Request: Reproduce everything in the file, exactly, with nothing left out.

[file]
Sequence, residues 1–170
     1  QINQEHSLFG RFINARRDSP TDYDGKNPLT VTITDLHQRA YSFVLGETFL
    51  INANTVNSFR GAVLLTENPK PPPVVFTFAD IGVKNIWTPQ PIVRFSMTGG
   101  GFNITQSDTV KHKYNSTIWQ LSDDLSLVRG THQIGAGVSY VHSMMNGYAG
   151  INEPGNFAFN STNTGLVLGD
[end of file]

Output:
Sequence, residues 1–170
     1  QINQEHSLFG RFINARRDSP TDYDGKNPLT VTITDLHQRA YSFVLGETFL
    51  INANTVNSFR GAVLLTENPK PPPVVFTFAD IGVKNIWTPQ PIVRFSMTGG
   101  GFNITQSDTV KHKYNSTIWQ LSDDLSLVRG THQIGAGVSY VHSMMNGYAG
   151  INEPGNFAFN STNTGLVLGD